North Korea suffered destruction to swaths of infrastructure from the most recent typhoon to hit the country, prompting leader Kim Jong Un to reconsider major projects planned for this year, state media reported.
Kim told a meeting of the ruling Workers’ Party of “unexpected damage” from a typhoon that hit this week, the official Korean Central News Agency reported Wednesday. It was the most recent of three typhoons since late August that have walloped a sanctions-hit economy, indicating a difficult time ahead at home for Kim while he seeks a strategy for nuclear talks with the United States.
“We are faced with the situation in which we cannot help but change the direction of our struggle after comprehensively considering the year-end tasks that were under way with the nationwide efforts,” Kim was quoted as saying.
The message came on what is typically a festive day in North Korea, as it celebrates the anniversary of the Sept. 9, 1948 founding of the nation. It also puts a damper on the next big event, the 75th anniversary of the foundation of its Workers’ Party on Oct. 10. Kim planned to open his showcase Pyongyang General Hospital on that day, but in July indicated that the project was facing problems — likely due to sanctions that have made it more difficult to obtain materials from overseas and limited access to hard currency.
Party members were told of some of the damage caused by the most recent typhoon in areas of South Hamgyong province, northeast of Pyongyang, KCNA said, with data showing it destroyed more than 2,000 homes, affected mining, wiped out rail lines, caused 59 bridges to collapse and led to a “total paralysis of transport system.”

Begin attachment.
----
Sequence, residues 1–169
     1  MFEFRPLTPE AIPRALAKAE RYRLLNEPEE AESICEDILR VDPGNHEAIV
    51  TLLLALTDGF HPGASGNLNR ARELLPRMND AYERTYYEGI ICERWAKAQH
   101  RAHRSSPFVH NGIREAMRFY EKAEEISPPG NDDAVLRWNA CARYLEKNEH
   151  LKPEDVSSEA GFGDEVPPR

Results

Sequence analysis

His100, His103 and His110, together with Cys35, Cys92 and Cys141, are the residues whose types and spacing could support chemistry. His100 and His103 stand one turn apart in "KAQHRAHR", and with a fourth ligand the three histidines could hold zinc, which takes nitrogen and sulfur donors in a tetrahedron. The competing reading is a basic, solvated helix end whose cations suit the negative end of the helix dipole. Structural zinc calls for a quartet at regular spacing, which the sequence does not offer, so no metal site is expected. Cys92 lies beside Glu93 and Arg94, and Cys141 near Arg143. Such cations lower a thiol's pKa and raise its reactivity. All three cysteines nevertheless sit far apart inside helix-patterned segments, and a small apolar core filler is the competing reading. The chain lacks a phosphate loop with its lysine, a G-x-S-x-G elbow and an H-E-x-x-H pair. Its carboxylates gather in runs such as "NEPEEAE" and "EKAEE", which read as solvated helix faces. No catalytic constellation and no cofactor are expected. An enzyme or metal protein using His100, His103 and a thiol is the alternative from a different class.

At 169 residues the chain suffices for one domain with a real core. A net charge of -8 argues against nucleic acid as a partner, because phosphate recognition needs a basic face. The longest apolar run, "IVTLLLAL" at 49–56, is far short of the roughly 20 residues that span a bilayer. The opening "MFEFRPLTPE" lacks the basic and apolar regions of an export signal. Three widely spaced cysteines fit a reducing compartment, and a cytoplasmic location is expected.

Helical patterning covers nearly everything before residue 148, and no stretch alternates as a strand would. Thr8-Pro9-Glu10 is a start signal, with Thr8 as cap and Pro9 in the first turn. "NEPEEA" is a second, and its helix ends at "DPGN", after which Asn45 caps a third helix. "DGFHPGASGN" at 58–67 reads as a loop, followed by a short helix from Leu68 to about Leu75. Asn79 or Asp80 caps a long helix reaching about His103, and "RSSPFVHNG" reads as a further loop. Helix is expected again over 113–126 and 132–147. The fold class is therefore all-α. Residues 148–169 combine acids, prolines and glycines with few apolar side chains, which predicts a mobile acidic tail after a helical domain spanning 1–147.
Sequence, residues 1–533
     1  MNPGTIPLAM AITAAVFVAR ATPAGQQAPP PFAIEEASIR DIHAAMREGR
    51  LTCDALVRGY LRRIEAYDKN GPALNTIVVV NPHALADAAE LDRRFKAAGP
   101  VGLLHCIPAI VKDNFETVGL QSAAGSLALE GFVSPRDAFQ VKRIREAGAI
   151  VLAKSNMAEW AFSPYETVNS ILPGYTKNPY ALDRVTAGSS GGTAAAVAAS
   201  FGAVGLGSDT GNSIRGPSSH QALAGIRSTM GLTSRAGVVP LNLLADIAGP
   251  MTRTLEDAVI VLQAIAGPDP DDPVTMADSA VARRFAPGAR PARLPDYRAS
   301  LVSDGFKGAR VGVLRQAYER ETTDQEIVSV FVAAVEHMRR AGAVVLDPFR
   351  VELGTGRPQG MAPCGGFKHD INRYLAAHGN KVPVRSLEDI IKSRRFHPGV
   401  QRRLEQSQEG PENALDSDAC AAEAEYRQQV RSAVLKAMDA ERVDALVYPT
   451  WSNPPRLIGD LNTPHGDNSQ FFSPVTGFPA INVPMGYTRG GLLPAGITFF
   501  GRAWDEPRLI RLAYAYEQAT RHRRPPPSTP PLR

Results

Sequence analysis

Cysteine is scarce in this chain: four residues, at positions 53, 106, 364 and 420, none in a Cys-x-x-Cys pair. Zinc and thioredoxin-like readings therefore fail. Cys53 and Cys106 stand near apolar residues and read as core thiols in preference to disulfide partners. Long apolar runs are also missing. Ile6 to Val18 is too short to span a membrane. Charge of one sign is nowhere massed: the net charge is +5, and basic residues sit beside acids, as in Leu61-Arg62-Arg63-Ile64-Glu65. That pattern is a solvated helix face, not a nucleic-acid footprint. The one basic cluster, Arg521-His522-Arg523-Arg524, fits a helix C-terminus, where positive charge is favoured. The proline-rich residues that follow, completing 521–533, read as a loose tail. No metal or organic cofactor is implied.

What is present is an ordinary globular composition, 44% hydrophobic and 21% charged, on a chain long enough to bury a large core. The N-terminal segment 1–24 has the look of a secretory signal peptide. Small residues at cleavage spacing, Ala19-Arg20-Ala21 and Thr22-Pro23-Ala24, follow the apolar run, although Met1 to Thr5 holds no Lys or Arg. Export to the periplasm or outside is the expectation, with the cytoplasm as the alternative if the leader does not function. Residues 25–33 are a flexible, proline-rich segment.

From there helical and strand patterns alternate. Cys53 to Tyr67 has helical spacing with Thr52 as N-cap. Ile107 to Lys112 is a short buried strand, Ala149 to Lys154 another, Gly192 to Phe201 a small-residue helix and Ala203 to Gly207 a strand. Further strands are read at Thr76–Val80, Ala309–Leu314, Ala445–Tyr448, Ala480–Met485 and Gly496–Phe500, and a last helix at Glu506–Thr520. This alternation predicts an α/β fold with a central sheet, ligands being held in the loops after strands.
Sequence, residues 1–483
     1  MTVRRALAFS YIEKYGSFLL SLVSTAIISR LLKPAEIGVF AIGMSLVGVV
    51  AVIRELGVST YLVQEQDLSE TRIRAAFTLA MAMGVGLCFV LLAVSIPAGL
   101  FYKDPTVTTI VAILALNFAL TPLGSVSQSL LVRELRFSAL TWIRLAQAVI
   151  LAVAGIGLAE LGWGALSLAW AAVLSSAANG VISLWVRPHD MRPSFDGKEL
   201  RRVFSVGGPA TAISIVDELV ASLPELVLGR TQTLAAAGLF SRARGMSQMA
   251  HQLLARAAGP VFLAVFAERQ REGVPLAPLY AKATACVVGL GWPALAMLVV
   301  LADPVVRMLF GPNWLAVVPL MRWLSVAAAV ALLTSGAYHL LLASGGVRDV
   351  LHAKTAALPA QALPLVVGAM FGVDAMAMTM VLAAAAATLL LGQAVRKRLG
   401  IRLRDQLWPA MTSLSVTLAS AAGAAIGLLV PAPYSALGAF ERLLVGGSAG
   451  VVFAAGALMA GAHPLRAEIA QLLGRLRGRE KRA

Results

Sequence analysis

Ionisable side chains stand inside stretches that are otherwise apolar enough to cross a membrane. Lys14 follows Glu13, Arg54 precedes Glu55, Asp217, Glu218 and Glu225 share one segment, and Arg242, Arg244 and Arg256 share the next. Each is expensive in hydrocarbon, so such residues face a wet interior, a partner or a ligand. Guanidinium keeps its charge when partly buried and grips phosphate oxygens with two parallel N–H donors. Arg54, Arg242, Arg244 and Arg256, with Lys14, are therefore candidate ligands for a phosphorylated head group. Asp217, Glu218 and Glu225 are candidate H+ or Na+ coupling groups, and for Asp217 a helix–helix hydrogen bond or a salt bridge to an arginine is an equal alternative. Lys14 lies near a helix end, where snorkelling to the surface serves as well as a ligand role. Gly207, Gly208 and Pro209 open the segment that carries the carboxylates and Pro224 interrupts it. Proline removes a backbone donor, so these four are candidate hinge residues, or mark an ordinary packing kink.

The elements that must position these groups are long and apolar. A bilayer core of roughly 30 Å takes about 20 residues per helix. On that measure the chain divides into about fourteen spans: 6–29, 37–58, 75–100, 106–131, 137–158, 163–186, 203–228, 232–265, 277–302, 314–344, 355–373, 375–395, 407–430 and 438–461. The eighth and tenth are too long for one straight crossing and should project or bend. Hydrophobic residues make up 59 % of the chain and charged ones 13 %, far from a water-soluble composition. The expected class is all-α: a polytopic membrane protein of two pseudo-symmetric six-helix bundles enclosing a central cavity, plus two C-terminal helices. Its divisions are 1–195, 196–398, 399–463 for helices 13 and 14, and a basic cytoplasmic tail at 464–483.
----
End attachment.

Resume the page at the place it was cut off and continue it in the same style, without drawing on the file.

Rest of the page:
The typhoons hit before North Korea brought in the bulk of its harvest and are expected to exacerbate food insecurity in a country where the United Nations World Food Program says about 40 percent of the population is undernourished.
North Korea’s anemic economy has been hit by tough sanctions to punish it for nuclear and missile tests in 2017. Even before the typhoons hit, Kim’s decision to shut borders in January due to the coronavirus slammed the brakes on the little legal trade it had, putting the economy on a path for its biggest contraction in more than two decades, according to Fitch Solutions.
A weaker economy could decrease Kim’s leverage in nuclear negotiations that started with U.S. President Donald Trump in 2018, making it more difficult for him to achieve the sanctions relief he wanted in exchange for scaling back his nuclear weapons program.
In a time of both misinformation and too much information, quality journalism is more crucial than ever.
By subscribing, you can help us get the story right.